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The Sound of Science - 'Leave No Trace'

Sam: Welcome to the Sound of Science on WNIJ. I’m Sam from NIU STEM Outreach. 

Christine: And I’m Christine from NIU Outdoor Adventures. During our trips, we stress the idea of “Leave No Trace.”

Sam: Leave No Trace, like a stealthy rogue hiker?

Christine: No, more like a responsible and conscientious hiker. It’s simple things like picking up trash, sticking to the trails, and not feeding the animals.

Sam: Well that all seems logical, but I imagine there are reasons behind the ethics.

Christine: Sure. Let’s start with a common violation --  feeding animals. Wildlife should stay wild, and part of that means they should be afraid of humans. That’s for their protection and ours. When we give animals our food, or leave food waste behind, wildlife begins to associate human food with safety. A comfortable animal is more likely to stand its ground and fight you rather than run away.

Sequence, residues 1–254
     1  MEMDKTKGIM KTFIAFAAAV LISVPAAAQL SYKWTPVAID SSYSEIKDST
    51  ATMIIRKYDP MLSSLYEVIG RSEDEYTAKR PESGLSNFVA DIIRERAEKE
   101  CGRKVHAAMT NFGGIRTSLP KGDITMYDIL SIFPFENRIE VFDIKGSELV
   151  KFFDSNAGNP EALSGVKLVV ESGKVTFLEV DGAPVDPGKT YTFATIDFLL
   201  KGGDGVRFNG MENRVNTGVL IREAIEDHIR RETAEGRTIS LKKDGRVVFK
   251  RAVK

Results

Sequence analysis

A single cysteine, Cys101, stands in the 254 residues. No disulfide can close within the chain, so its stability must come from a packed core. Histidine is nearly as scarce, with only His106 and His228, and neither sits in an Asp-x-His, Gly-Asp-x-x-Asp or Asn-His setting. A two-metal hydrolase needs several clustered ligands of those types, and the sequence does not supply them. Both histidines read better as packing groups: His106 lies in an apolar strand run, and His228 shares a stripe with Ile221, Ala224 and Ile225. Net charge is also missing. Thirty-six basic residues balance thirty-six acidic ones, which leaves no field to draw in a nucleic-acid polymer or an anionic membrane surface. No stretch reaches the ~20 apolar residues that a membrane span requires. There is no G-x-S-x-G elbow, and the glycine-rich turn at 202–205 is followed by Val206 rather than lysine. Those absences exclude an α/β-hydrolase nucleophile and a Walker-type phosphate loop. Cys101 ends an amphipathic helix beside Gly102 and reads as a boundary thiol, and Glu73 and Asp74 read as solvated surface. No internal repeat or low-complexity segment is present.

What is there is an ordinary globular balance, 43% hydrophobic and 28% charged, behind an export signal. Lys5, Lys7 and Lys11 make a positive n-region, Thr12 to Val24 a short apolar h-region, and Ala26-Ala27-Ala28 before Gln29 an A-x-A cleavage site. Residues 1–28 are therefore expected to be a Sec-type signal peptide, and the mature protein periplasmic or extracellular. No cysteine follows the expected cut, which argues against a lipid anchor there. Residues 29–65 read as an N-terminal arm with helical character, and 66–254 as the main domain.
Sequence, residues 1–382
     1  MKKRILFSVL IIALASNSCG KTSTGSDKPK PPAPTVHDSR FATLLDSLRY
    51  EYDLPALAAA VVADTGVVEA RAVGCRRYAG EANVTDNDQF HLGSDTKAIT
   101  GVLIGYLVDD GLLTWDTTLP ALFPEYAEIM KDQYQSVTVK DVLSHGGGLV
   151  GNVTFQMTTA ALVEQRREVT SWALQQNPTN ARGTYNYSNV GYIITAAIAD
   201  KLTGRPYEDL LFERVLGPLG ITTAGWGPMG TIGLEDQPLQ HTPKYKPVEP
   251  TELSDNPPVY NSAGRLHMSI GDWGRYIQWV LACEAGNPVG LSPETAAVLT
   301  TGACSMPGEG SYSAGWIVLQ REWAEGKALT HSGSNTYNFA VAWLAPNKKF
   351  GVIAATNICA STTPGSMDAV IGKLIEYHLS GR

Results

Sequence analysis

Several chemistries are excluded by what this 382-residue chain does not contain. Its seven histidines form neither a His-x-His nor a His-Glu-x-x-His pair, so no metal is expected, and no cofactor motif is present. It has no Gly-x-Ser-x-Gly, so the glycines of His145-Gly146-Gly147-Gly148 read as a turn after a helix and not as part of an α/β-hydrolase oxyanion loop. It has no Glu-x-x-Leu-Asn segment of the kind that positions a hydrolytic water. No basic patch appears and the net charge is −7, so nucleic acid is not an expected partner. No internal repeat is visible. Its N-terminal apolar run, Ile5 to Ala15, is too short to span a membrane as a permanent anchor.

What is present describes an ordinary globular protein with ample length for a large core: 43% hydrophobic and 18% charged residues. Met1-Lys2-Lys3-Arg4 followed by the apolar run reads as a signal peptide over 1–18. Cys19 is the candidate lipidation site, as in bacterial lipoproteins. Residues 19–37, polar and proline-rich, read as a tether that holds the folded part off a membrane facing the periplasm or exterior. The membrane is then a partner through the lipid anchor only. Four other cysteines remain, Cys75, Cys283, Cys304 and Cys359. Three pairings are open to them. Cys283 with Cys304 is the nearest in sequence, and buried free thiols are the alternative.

Sam: Speaking of waste…

Christine: Food waste and litter are ugly, but they also pollute fragile ecosystems. We see videos like sea turtles caught in soda rings all the time, but those things happen in deserts and forests too. Plastic can also break down and ruin natural water sources. And if you think, “Oh it’s just one wrapper,” consider that a thousand people probably thought the same thing and now there’s a thousand wrappers.

Sam: You mentioned sticking to trails. What’s wrong with blazing a new trail through an easier area?

Christine: Any trail is going to speed up erosion and prevent plant life from growing, but if we consolidate our destruction, we’ll help mitigate the effects. As we walk, we remove topsoil, destroy supportive roots, and trample new vegetation. That can weaken an ecosystem making them more susceptible to flash floods, and push nutrient-rich soil into gullies or waterways.

Sam: So every little thing matters. Any parting words?

Christine: Take nothing but photographs and leave nothing but footprints.

Sam: Thanks Christine! I look forward to joining you and Outdoor Adventures for one of your upcoming trips! This has been The Sound of Science on WNIJ.

Christine: Where you learn something new every day.

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